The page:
$2000 bales make for a happy visit

Countryman - - WOOL - Bob Gar­nant

While the Western Mar­ket In­di­ca­tor found fur­ther cor­rec­tion last week, WA wool­grow­ers were still re­ceiv­ing strong prices as com­pared to last year.

Val­ues for both Merino fleece and cross­bred wool held quite strongly com­pared to the same time last year and sheep pro­duc­ers who dab­ble in both wool and meat are en­joy­ing ex­cep­tional farm gate re­turns.

Bridgetown sheep pro­ducer Ken Arm­strong, his wife Leonie and son Dean, along with reg­u­lar vis­its from their daugh­ter Belinda Meehan, run 1200 Merino Tech blood pure Merino breed­ers at their farm­ing prop­er­ties, In­ver­ness and Glover, which has been part of the fam­ily’s 108-year reign in the Shire.

Their Novem­ber-shorn Glover’s wool clip re­ceived the best prices ever last week when they of­fered 58 bales, in­clud­ing 42 bales of Merino fleece wool, through Dyson Jones, which swept the floor at over $2000/bale.

The Arm­strong’s best-priced line was from six bales of 18mi­cron fleece wool with a length of 100mm and yield of 69 per cent and shorn from 1.5 to 2.5-year-old ewes, selling for 1558c/kg greasy.

“This be­ing our first ever visit to the wool sale, it was a very nice re­sult and we came away with more con­fi­dence,” Mr Arm­strong said.

“It was very sur­pris­ing how fast and ef­fi­cient wool is sold at the auc­tion.”

The Arm­strong’s pro­duce mostly first cross lambs us­ing Poll Dorset rams over some 800 Merino ewes while they also run a 400-head self-re­plac­ing Merino ewe flock in which Mr Arm­strong classes the ewe lambs into the ap­pro­pri­ate wool or meat pro­duc­tion lines.

“We se­lect for easy care and the good wool types go to work in the re­place­ment flock,” he said.

“Our ram sup­plier, Ben Webb, knows our re­quire­ments and he ar­ranges to have the right rams de­liv­ered to our farm as needed.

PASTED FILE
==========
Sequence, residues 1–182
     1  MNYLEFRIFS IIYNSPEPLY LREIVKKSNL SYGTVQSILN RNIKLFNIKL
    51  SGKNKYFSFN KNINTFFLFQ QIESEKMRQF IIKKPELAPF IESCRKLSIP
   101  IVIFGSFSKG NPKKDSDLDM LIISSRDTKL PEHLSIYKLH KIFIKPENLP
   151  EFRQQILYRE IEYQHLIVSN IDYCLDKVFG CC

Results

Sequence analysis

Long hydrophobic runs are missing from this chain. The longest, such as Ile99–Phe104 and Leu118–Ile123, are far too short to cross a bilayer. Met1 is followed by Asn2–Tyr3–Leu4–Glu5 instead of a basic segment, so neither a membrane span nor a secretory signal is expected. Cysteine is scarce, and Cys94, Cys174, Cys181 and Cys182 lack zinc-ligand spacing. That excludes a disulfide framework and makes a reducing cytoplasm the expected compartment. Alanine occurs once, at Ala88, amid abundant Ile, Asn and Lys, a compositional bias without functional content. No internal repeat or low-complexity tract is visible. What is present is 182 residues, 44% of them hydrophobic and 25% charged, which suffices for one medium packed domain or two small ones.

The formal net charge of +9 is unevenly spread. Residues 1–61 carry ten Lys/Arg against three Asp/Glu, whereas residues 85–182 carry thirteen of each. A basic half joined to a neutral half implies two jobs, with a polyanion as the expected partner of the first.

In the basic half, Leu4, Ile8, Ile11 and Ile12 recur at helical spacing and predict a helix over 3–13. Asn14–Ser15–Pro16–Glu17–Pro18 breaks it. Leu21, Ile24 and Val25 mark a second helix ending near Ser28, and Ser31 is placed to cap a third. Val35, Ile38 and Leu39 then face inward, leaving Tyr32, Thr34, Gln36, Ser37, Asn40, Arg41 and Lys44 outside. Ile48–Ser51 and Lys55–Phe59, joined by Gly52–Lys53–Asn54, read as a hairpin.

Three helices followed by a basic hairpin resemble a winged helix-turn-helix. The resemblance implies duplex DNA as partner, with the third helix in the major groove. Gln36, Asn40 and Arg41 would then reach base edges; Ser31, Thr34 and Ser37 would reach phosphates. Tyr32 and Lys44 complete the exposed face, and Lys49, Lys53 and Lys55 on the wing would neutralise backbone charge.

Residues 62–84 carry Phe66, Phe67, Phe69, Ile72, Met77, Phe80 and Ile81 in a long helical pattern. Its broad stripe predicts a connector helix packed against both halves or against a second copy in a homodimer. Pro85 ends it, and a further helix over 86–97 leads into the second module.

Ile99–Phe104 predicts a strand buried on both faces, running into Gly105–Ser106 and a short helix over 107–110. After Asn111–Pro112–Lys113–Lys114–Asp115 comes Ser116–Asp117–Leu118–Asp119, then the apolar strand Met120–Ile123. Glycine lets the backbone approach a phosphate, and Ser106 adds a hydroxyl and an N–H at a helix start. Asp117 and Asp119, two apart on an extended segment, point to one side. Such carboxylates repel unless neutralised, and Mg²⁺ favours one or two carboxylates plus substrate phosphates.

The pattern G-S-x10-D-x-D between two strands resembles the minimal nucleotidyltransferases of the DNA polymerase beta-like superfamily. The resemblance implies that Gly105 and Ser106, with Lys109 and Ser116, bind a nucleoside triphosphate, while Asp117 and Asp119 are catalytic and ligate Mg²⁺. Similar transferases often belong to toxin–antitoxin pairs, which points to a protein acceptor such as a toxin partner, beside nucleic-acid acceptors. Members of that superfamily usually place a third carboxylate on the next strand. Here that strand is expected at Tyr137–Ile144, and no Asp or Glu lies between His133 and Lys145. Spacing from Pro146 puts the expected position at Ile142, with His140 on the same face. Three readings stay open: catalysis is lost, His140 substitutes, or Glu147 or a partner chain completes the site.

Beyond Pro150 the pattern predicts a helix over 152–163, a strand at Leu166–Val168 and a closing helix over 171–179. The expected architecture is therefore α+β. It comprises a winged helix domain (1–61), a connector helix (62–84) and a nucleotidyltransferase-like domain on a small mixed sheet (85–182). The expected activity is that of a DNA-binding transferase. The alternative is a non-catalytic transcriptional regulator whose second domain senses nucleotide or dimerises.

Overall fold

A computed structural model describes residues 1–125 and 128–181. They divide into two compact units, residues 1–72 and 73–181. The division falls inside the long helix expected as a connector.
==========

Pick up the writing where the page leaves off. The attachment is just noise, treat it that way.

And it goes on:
“Our lambing av­er­age re­mains at 100 per cent as an in­di­ca­tion of ge­netic progress.

“At the mo­ment wool is go­ing very well and our cross­bred lambs’ wool also re­ceived top money with the best line selling for 831c/kg greasy.”

Mr Arm­strong learned the sheep trade from his fa­ther Bob and selling cross­bred lambs to V & V Walsh goes back a long way at In­ver­ness.

“We aim to sell 21kg dressed weight lambs at six months-of-age and the feed­back has been ex­cel­lent,” he said.

“Bridgetown is ideal for pro­duc­ing sheep; good con­sis­tent rain­fall into our heavy loam soil coun­try which av­er­ages 26 inches an­nu­ally.

“My grand­fa­ther and fa­ther would both be proud of what we ac­com­plished with our wool­clip this year and par­tic­u­larly that Dean is keen to con­tinue run­ning the farm when it is his time.”

“Belinda also loves com­ing back to the farm to soak up the rich her­itage which goes way back to my grand­par­ents who im­mi­grated from Scot­land. In keep­ing with Scot­tish tra­di­tion, we also run some 60 An­gus steers.”

Photo avail­able at west­pix.com.au Pic­ture: Bob Gar­nant

Dis­play­ing their best-priced Merino fleece wool were Bridgetown sheep pro­ducer and wool­grower Ken Arm­strong (right), pic­tured with his daugh­ter Belinda Meehan, of Ro­ley­stone, farm­ing neigh­bor Bardy McFar­lane, and Dyson Jones agent Lyn­don Hosk­ing.

Newspapers in English

Newspapers from Australia

© PressReader. All rights reserved.